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 iOS Code Review | Curated code improvement tips - Issue #6

 iOS Code Review
 iOS Code Review
Hi there,
How is your Thursday going?
iOS 15 GM is right around the corner, people are buzzing about last moment API changes and additions. And I’m here with some good old code improvement tips 😀👇

Waiting on multiple async calls
Have you seen code that’s running multiple async calls in a loop, calling completion on the last item in the loop? Or counting the number of callbacks called? I’ve seen it a lot, and the last time has prompted me to share this tip 🙂
DispatchGroup allows you to wait on multiple async operations, as complex as they may be. The concept is simple: the dispatch group keeps track of how many tasks are outstanding (unfinished). enter() and leave() calls increment and decrement the internal counter. Once the counter reaches zero, your custom closure is called. Here’s a small example by @joemasilotti:
Joe Masilotti 📗
Whoa, DispatchGroup is kind of magic! I'm assuming this has been superseded by something even fancier in Combine though, right? https://t.co/gP7HQ882XF
Conditional modifiers are bad? 😬
Are you using conditional modifiers in SwiftUI? I am 🙈 Folks at @objcio came out with a detailed explanations on why it’s not such a good idea. SwiftUI uses the type system for diffing of state, and conditional modifiers such as applyIf(...) break that.
The article also dives into why SwiftUI works the way it does, so check it out if you want to learn more: Why Conditional View Modifiers are a Bad Idea
objc.io
We keep seeing people recommend conditional view modifier helpers. These will break animations and state properties. By understanding why they break things, we'll learn some interesting things about SwiftUI as well! 🧐

https://t.co/aFu3r80JbG https://t.co/89CGiS8eHl
Timers, scrolling, run loops
When you use Timer.sheduledTimerscheduledTimer(withTimeInterval:...), it will not trigger while the user is interacting with a scroll view, or is performing any other touch-tracking interaction. The timer will continue after the interaction has ended. That’s because this convenience method auto-schedules the timer in the .default runloop mode, and the default mode doesn’t check the timer during touch interactions.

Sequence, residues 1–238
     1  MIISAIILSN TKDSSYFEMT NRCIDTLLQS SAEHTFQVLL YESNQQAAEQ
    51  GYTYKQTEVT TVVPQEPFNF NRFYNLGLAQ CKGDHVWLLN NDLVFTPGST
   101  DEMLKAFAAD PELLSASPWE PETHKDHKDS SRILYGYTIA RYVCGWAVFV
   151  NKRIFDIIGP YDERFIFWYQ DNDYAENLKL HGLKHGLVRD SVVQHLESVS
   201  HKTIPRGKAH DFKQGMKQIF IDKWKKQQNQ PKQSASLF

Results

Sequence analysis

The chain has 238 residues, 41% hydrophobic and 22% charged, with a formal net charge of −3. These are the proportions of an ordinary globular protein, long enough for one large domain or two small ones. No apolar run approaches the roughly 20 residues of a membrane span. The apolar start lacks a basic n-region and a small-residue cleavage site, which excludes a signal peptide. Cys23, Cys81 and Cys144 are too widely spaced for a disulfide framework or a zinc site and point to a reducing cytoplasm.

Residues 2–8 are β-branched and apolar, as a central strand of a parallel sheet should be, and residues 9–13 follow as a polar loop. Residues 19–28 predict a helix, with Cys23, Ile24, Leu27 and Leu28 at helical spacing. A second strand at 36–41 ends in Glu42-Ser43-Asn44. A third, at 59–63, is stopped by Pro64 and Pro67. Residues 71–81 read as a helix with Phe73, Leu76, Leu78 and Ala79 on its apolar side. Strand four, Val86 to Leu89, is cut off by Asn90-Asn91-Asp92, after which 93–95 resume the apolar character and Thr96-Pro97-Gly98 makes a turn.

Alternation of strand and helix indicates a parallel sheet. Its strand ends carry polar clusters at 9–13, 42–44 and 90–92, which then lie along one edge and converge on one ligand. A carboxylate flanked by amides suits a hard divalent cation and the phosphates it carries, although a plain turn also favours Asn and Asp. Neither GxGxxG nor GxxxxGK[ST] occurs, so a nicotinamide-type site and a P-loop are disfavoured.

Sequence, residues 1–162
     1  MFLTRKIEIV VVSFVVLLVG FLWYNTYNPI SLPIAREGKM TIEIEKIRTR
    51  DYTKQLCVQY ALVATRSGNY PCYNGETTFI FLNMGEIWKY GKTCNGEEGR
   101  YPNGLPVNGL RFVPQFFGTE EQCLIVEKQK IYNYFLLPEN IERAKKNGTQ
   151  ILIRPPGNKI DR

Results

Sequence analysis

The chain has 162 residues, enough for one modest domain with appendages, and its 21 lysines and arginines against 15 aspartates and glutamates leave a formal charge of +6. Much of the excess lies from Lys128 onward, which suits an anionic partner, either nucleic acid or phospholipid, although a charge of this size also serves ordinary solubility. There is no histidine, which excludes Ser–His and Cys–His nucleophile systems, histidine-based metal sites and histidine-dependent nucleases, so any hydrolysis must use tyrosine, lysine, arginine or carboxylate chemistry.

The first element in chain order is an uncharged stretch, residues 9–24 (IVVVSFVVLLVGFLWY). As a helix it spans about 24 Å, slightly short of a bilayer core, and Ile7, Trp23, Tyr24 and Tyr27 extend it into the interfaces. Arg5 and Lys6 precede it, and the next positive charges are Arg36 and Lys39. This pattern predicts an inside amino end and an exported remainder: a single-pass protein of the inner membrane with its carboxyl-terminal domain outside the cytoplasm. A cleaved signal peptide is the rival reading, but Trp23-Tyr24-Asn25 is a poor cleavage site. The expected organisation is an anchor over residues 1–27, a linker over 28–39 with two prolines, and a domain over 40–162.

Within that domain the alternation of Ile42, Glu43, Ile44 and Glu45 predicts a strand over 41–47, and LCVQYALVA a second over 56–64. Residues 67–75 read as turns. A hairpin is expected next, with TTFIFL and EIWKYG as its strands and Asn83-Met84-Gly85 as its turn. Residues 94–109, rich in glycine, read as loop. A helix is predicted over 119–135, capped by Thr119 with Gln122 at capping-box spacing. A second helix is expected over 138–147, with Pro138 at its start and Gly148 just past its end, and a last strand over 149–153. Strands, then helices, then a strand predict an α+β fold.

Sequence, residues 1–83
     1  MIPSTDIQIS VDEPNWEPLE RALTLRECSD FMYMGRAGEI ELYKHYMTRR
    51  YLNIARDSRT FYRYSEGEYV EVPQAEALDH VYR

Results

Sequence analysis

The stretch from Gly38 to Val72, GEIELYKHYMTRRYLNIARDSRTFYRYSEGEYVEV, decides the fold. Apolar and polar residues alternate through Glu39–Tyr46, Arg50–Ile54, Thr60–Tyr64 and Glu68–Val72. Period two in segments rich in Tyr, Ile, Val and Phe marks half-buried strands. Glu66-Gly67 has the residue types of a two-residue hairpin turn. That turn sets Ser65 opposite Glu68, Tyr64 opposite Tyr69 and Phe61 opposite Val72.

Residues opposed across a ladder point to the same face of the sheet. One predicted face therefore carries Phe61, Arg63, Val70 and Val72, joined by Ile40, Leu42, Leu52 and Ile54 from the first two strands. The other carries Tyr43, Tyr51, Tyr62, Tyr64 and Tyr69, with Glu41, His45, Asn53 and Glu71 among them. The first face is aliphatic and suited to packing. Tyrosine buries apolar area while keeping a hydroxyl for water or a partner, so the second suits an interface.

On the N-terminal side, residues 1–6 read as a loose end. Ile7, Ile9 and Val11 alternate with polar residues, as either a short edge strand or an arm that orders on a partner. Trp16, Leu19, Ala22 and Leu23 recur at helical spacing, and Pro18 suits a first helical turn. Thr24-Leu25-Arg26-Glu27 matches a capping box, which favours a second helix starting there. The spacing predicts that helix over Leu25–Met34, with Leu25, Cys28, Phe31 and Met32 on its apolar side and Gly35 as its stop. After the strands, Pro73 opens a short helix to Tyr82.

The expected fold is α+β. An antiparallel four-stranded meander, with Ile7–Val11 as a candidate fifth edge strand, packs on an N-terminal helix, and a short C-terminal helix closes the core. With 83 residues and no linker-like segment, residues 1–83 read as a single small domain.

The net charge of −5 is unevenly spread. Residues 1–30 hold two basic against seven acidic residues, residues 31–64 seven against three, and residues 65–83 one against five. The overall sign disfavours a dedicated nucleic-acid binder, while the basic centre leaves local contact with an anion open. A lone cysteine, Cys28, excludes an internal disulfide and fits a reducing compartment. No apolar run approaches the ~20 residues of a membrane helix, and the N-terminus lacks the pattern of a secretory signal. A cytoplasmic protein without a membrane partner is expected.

If you want the timer to continue as normal during touch events, you’d have to init and schedule the timer with .common mode manually: RunLoop.current.add(timer, forMode: .common)
@qdoug shared a handy cheat-sheet for remembering which mode to use, as their names are super confusing:
Douglas Hill
When using Timer or CADisplayLink I’m always confused if I want the common or default RunLoop Mode. Summary:

.default — only runs when touches are not being tracked
.tracking — only runs when touches are being tracked
.common — runs whether touches are being tracked or not
Review the resources too
A fascinating anecdote shared by @krzyzanowskim. 98% of an app’s size is icons, 11 MB each. That’s nearly 1600x1600px. Why a png icon need to be this big? I bet this is not intentional, and these folks can reduce their app size at least 5x by including appropriately-sized images.
AKA this is a reminder to review the assets that are being introduced to the app, and not only code 🙃
Marcin Krzyzanowski
I've been quite surprised by the size of the app 332 MB (native macOS app) in total. Then I learned icons resources take 312 MB? well... but keep bashing Electron apps for a size. https://t.co/e7wKj6BJ96
Quick 2-in-1 tip
1) NSCache exists and is a good alternative to a plain dictionary when you want to cache non-trivially sized items
2) How feedback is delivered is extremely important. Simply being friendly goes a long way ✨
Trevor Brindle
Today I learned:

You can see time based comparisons in git (and in github at github​.​com/${owner}/${repo}/compare)

Use this syntax for the branch name:

`[email protected]{2hours}`
`[email protected]{10days}`
`[email protected]{1month}`

`git diff [email protected]{2hours}...latest` https://t.co/gQCylm7ssT
Pitt (Swift && Tips)
There is always a way to improve our code or anything, and also better ways to give feedback. Don't forget to be polite! https://t.co/tg4degOe1R
🤘
Alright, that’s it for today. 
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 iOS Code Review
 iOS Code Review @ios_code_review

Bi-weekly newsletter amplifying code improvement tips from the Apple developer community. Swift, Objective-C, iOS, macOS, SwiftUI, UIKit and more. Curated by Marina Gornostaeva and published every other Thursday.

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